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April 23, 2009

NGO to G-20 leaders: “World Bank and IMF ideology has failed”


[Editor’s note: On April 24, U.S. Treasury Secretary Timothy Geithner hosted meetings with finance ministers from the world’s top economies to discuss increased oversight of the global financial system. The meetings preceded semi-annual gatherings of the International Monetary Fund and World Bank in Washington, D.C.]

The April G-20 meeting in London secured a lot of positive media attention after world leaders announced a $1.1-trillion global package for economic recovery and reform, mostly for the International Monetary Fund (IMF).

However, Jesse Griffiths, coordinator of the London-based Bretton Woods Project, says the package actually will deliver less than half that amount in new or guaranteed resources. And, he says, the plan did not include specific information about the much-needed operational reforms to the IMF and the World Bank. [See related Web sidebar]

Decades ago, those who created the IMF and World Bank designed a system for a very different world, Griffiths says. Because it has not been adapted for current global changes, the system is now fundamentally flawed, he says, so it is time to develop a new one.

“The ideology [of the IMF and World Bank] has failed and the accompanying structures have failed,” Griffiths said.

“In addition to the current enormous economic instability, the system has failed to create equity and eradicate poverty; it has failed to ensure that human rights are protected, and it has failed to address environmental issues.”

The system Griffiths refers to was first designed during World War II when leaders from 44 nations met in Bretton Woods, New Hampshire, to rebuild the international economic system. Along with policies and procedures, leaders also created the IMF and World Bank, which have come to be known as the Bretton Wood institutions.

The Bretton Woods Project was established in 1995 by a group of environment and development organizations in the United Kingdom. Today, its staff members work with non-governmental organizations (NGOs), researchers and public officials to monitor policies and practices and push for reforms at international financial institutions (IFIs).

The Bretton Woods Project is housed in ActionAid. Under the International Finance for Sustainability program area of the Mott Foundation’s Environment program, ActionAid has received six grants totaling $1.2 million since 2000 for the project.

Fundamental changes are needed at the IFIs, Griffith says, and it is problematic to pour hundreds of billions of dollars into the IMF and World Bank without first committing to making those crucial changes.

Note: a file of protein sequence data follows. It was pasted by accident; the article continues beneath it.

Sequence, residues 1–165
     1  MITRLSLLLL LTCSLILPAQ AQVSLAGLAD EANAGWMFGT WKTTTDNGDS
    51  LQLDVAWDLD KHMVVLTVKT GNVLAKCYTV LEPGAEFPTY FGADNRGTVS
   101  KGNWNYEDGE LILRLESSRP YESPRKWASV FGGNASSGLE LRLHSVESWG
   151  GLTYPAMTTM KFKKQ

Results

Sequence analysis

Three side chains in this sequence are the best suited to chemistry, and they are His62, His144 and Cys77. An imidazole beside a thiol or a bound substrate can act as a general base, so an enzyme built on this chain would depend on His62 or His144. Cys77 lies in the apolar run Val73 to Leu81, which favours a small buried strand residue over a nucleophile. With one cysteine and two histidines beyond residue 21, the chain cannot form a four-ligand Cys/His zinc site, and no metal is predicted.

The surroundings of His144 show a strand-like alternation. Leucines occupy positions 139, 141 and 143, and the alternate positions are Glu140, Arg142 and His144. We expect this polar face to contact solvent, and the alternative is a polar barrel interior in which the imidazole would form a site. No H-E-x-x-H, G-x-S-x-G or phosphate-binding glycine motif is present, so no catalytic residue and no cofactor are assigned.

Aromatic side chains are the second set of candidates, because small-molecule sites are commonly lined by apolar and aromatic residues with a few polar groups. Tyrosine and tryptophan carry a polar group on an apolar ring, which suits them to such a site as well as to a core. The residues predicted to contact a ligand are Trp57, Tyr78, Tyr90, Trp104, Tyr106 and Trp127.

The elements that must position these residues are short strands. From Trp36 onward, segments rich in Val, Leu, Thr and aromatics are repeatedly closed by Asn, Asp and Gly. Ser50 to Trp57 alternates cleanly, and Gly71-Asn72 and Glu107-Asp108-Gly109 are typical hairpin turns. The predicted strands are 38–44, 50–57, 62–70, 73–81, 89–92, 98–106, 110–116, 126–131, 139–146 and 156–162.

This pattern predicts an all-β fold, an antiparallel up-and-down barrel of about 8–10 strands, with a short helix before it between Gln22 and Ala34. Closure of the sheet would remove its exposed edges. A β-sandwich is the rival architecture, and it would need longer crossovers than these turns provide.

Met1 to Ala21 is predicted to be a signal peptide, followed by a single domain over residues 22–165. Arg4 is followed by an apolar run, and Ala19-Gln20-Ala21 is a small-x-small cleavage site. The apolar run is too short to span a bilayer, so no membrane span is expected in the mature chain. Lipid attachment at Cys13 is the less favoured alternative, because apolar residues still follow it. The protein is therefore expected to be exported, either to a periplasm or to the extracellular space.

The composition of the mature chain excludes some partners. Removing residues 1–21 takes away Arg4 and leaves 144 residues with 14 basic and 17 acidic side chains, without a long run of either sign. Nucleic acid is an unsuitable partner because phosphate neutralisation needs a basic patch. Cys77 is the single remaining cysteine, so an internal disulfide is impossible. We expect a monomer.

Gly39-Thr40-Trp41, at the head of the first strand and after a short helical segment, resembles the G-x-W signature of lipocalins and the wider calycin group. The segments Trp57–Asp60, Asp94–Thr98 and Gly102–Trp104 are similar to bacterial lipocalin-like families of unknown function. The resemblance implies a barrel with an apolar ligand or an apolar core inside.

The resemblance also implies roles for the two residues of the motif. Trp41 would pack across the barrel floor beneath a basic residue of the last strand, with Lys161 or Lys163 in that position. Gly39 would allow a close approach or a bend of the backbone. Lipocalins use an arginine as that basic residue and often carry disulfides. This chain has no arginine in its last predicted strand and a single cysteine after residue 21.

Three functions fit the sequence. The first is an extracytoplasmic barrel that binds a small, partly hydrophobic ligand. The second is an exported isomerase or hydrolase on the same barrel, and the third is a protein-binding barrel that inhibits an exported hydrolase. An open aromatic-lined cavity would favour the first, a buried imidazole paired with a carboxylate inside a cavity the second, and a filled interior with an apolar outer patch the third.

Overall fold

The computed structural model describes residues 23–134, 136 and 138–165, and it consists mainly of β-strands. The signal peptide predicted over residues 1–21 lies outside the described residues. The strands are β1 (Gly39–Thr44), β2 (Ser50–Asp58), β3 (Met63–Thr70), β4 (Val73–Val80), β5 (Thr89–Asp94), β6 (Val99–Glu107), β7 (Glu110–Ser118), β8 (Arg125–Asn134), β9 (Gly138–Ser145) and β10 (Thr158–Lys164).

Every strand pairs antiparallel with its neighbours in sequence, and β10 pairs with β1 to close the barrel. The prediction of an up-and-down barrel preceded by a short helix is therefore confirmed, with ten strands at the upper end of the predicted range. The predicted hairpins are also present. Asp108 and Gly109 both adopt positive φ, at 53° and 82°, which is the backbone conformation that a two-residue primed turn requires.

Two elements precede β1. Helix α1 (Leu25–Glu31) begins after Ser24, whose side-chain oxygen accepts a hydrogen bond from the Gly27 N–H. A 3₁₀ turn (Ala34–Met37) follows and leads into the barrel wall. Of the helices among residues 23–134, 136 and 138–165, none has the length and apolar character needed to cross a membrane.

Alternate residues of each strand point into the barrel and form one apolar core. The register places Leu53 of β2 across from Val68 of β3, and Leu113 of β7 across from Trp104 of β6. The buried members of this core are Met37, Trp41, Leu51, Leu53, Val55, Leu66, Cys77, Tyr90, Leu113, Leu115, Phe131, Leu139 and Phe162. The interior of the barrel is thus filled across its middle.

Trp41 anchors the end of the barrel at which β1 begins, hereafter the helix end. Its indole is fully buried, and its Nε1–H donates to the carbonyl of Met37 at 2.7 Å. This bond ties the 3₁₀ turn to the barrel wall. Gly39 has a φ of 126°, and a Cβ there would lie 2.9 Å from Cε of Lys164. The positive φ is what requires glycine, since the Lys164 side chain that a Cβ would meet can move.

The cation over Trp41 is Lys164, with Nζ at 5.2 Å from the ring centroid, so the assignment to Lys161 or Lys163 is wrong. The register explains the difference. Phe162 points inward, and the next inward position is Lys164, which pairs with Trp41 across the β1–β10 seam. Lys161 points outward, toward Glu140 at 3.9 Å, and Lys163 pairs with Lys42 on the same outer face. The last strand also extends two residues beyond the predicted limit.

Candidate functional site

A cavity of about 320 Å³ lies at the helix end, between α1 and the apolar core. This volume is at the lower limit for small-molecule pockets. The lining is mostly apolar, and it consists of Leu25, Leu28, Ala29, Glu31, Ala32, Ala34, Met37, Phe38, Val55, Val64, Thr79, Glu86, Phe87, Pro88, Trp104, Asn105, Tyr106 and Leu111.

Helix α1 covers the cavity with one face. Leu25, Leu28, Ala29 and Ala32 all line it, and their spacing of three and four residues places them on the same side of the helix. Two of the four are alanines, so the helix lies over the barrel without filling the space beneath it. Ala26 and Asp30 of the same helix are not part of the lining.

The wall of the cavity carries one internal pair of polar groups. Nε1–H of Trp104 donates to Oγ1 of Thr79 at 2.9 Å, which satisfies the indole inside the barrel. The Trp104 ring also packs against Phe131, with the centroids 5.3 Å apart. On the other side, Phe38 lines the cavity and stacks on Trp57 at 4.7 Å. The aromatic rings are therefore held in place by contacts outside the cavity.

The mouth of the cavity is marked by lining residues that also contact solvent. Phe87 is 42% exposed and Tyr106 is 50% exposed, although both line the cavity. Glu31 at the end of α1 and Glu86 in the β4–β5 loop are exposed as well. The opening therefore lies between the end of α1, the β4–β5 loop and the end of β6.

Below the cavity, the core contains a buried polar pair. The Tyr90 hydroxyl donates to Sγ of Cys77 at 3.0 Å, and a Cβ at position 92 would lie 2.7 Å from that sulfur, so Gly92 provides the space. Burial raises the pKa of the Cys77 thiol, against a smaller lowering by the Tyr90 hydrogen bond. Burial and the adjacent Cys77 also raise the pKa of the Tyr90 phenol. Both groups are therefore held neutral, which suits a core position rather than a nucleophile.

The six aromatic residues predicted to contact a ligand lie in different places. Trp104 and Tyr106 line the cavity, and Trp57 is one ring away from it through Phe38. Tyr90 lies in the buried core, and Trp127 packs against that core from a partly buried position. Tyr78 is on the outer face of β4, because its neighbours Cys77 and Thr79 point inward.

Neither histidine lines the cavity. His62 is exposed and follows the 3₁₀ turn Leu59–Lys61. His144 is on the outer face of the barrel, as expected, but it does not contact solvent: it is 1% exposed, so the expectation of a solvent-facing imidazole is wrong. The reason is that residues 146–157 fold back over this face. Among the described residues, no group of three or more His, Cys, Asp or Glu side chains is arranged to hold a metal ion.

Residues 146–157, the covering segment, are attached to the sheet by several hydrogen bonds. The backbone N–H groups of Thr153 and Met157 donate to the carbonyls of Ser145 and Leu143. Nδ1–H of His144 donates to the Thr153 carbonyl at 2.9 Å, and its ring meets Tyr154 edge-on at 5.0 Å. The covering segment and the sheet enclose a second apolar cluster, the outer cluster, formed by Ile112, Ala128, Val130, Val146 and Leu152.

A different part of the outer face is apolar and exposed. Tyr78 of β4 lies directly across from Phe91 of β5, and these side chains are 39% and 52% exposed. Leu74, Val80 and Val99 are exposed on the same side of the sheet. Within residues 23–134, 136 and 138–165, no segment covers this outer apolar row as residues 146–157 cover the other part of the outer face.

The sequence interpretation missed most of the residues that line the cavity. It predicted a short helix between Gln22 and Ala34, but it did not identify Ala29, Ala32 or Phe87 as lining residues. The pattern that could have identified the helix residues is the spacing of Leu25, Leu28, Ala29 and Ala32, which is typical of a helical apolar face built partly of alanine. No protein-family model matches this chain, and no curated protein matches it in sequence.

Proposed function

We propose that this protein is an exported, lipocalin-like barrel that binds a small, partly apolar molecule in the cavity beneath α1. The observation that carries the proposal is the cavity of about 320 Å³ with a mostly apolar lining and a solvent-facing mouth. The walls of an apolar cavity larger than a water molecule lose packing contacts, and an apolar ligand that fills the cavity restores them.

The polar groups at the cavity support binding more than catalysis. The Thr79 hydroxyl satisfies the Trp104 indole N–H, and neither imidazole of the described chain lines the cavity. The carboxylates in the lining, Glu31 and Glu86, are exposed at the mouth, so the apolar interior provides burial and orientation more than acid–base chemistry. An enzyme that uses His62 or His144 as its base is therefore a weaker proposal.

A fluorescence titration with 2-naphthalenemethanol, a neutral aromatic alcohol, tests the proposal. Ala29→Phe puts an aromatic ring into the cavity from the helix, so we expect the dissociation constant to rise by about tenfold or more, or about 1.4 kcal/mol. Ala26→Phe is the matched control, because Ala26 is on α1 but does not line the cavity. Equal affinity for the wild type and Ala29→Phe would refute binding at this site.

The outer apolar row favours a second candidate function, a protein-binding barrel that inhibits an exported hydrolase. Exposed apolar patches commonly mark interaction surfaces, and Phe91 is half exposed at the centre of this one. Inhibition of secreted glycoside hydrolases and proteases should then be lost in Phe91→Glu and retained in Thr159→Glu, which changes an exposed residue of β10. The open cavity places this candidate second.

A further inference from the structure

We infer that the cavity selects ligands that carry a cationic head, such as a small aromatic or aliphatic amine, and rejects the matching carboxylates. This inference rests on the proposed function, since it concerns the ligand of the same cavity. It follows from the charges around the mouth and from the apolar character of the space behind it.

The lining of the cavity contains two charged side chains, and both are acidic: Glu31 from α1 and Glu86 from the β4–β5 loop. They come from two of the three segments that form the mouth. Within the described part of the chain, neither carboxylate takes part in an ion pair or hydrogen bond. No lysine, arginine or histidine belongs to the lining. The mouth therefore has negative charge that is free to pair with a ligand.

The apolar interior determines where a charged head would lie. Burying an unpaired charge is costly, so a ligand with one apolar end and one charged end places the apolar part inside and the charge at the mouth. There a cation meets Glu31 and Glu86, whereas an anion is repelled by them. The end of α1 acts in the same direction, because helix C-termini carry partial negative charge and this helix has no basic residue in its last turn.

Yet, the G-20’s much-publicized $1.1-trillion Global Plan for Recovery and Reform fails to mention much about IFI reforms at all. Instead, it broadly outlines where huge chunks of money will go. For example, it notes that $500 billion will be allocated for the IMF, which is misleading, Griffiths says, because $250 billion of that amount was a general promise from the G-20, and not a firm commitment from specific countries.

Of the remaining $500 billion, $200 billion had been announced previously -- $100 billion each from Japan and the European Union -- so it is not considered new money. Most of the new $50 billion would come from China’s reserves. Another $250 billion has been promised to countries through new allocations of the IMF-issued Special Drawing Rights (SDRs).

A SDR allocation is akin to “printing new money” because it is the IMF’s own internally created reserve asset, Griffiths explains. SDRs don’t have strings attached like other IMF funding, he says, but they are allocated according to IMF voting shares, which are dominated by industrialized northern nations. Consequently, the primary benefit will be to these industrialized northern countries and not the poor developing ones.

Griffiths says the current financial and economic crisis creates a clear and strong link between people from developed countries in the North, who traditionally have access to power and decisionmakers, with those from poorer developing countries in the South, who have little access to either but are most affected by the decisions made.

“In addition to the current enormous economic instability, the system has failed to create equity and eradicate poverty; it has failed to ensure that human rights are protected, and it has failed to address environmental issues.”“Hopefully, that North/South linkage will be one of the things changed as a result of this economic crisis,” Griffiths said. He added that there are two other necessary elements of change: building more transparency and inserting more public accountability into the system.

Although the global media were welcomed to cover the G-20 talks in London, he says, the leaders of dozens of other countries were excluded from the meeting. Also, there was no provision made for civil society representatives to be at the talks, and some of the few who were allowed to be there as media were excluded by the British government at the last minute.